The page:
It's one of those nights again. You lie on your bed weighed down by your endless thoughts. You think and think, or rather over think. Like a trickster, your mind plays melancholic thoughts on a constant loop. And then, you make the colossal mistake once again. You start comparing your life with others. An inner critical voice, full of self-loathing, lashes out at you. Slowly, you find yourself falling into a deep and dark abyss.

All of us have experienced it, haven’t we? But are these mood swings taking a toll on you? Are your day-to-day activities being affected? Are you unable to focus on anything and even lack the motivation to get up to face the day? If yes, then perhaps it’s the time to introspect.

We live in a harsh world of competition and escalating stress levels. In a world driven by anger, jealousy, frustration, fear, melancholy and apathy; it is easy to fall prey to conflicts, failures, unnecessary comparisons and loneliness. When these emotions are not dealt with, they tend to snowball into burning issues clawing at your chest. You bottle up your pain sadness and hide it deep in your heart- thinking that it will fade away. Another blunder! The pain keeps growing, spreading its roots and consuming your soul. It haunts and torments you day and night. And, there comes a point when you cannot think of anything but the pain and suffering.

So, what to do?

The first step is to observe your own behaviour and look for red flags. Some of them are:

  • Loss of interest in daily activities

  • Sadness, emptiness or feeling down

  • Hopelessness

  • Tiredness and lack of energy

  • Low self-esteem, self-criticism or feeling incapable

  • Trouble concentrating and trouble making decisions

  • Irritability or excessive anger

  • Decreased activity, effectiveness and productivity

  • Avoidance of social activities

  • Feelings of guilt and worries over the past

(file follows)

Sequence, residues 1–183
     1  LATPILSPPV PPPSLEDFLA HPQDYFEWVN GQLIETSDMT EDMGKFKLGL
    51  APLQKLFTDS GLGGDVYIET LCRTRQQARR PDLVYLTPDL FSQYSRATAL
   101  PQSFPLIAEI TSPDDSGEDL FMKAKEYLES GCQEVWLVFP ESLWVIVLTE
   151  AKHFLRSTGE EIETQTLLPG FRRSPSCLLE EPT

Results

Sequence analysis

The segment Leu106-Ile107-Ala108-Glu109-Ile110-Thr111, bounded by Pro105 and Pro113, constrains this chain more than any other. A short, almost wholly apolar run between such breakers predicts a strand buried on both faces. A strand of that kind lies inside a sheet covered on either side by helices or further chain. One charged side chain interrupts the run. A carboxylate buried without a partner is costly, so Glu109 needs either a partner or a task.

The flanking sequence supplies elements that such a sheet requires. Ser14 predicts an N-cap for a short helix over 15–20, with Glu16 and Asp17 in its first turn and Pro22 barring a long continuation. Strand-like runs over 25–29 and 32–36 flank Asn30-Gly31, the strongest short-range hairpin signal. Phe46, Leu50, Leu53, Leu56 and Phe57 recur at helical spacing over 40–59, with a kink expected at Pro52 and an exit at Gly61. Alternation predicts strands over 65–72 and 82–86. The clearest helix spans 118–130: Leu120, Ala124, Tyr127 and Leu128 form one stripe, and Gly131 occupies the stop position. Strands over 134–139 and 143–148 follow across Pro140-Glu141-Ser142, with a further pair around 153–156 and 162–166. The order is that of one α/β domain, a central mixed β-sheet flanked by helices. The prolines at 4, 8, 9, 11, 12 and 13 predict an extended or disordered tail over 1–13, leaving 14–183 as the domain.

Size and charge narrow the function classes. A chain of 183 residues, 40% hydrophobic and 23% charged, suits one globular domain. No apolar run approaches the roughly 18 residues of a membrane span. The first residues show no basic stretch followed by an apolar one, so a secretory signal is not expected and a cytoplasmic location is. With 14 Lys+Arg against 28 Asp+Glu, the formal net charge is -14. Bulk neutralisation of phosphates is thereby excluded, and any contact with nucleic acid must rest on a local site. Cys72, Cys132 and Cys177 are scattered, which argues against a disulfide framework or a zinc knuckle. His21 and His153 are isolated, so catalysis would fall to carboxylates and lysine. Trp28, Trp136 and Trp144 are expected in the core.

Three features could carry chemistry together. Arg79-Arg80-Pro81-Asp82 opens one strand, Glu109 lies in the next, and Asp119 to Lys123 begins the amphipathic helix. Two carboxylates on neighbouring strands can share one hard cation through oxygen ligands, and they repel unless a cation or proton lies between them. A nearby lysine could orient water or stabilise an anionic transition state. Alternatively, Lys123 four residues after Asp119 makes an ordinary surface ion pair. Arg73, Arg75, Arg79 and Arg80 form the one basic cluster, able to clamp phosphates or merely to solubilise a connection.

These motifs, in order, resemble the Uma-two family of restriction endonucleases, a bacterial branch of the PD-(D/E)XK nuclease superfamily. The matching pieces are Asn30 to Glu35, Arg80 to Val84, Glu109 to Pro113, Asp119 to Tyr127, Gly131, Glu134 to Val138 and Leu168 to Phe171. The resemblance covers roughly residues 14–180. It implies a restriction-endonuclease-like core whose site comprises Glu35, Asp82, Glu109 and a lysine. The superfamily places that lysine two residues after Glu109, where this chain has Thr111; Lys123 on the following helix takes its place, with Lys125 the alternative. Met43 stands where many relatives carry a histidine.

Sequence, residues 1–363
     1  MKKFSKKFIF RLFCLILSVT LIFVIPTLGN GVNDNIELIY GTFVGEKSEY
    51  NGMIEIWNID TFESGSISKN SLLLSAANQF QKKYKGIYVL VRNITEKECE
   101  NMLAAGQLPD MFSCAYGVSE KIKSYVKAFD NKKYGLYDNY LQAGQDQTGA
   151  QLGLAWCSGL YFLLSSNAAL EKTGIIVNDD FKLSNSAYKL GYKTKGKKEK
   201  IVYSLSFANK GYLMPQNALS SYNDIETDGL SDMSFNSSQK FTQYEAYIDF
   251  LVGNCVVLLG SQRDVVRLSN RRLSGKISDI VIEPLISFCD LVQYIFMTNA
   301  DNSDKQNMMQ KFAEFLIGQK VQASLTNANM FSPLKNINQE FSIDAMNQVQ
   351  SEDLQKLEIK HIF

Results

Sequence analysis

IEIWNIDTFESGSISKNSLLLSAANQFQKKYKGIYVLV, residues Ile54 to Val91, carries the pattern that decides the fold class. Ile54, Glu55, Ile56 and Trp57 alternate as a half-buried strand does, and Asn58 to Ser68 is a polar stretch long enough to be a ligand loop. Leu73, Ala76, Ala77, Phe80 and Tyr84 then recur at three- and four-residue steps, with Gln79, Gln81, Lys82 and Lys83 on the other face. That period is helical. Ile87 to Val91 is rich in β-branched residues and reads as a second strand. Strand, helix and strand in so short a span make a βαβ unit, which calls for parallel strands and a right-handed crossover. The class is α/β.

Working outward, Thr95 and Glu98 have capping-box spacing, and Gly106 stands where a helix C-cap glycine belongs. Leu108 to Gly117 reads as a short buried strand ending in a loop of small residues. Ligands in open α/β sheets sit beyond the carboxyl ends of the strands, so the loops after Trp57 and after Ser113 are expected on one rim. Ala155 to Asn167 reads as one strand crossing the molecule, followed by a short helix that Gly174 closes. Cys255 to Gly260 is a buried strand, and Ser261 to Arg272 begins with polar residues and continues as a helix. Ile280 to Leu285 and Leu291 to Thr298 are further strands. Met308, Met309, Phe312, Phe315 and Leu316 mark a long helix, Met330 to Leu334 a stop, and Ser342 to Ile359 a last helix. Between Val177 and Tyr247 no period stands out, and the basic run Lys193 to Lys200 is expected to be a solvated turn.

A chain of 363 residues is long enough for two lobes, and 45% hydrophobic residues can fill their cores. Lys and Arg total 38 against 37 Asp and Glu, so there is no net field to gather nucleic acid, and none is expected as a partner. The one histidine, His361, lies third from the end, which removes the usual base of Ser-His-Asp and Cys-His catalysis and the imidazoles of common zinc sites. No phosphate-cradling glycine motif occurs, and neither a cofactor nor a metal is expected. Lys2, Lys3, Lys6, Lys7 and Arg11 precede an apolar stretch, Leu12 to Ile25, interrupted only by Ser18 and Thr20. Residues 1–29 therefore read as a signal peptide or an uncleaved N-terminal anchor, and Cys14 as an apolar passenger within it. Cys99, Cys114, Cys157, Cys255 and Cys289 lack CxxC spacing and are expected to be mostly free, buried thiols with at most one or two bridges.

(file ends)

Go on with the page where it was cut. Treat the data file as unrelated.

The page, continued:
• Poor appetite or overeating

  • Sleep problems

All these are red flags which indicate ‘Dysthymia’ or ‘Persistent Depressive Disorder’.

Dysthymia is a chronic form of depression which may last for years. It significantly hampers academics, relationships, social life, work and daily activities. Since these feelings have been going on for a long time, you may feel that they will always be there. The challenge is to NOT be in a denial mode and acknowledge these red flags.

The exact cause of depression is not known. It may involve more than one cause, such as:

  • Biological differences: People with persistent depressive disorder may have physical changes in their brains

  • Brain chemistry: Neurotransmitters are naturally occurring brain chemicals that likely play a role in depression. Recent research indicates that changes in the function and effect of these neurotransmitters and how they interact with neurocircuits involved in maintaining mood stability may play a significant role in depression and its treatment.

  • Inherited traits: Persistent depressive disorder appears to be more common in people whose blood relatives also have the condition.

  • Hormonal imbalance: Hormones play an important role in maintaining our mood and behaviour. Changes in the levels of serotonin, dopamine and oxytocin can alter our moods drastically. Hypothyroidism is also known to cause depression.

  • Life events: As with major depression; traumatic events such as the loss of a loved one, financial problems or a high level of stress can trigger persistent depressive disorder in some people

Thus, it is important to visit a doctor for proper diagnosis and medical advice. The usual treatment is a combination of psychotherapy and medication.

However there are other methods to alleviate yourself. Some of them are:

  • Journaling: It helps to let out repressed emotions and process them.

  • Communication: Talking to a close family member or friend can help you see things from a different perspective.

  • Physical Exercise: A healthy mind resides in a healthy body. If you are weak and sickly, you are bound to feel low. Moreover physical activity is linked with release of endorphins, the chemical substances which make us feel good.

  • Mindfulness/Meditation: It helps in calming our nerves and to become fully aware of our senses and feelings. This leads to clarity of thought.

  • Positive self-talk: Once you stop comparing yourself with the outside world and only focus on your growth, you will be a happier person. So pat yourself in the back and learn to hug yourself!

  • Discovering new hobbies/interests: Instead of wallowing in self-pity and negativity, use that energy to tap into your hidden potential. It would also help to ward off loneliness.

  • Acceptance: This is the most important task. Only when you accept your flaws, you can go beyond them.

In the end, you have to discover yourself and be your own anchor. Nobody else can do it for you. Look within and awaken your dormant spirit. Reignite your passion and find your purpose in life. Here is quote from Ralph Waldo Emerson to cheer you, “What lies behind us and what lies before us are tiny matters as compared to what lies within us.”


Priyasha Bagchi

Priyasha Bagchi is a student of Lady Hardinge Medical College. She is a voracious reader with passion for writing. She has always been vocal about the cause of mental health.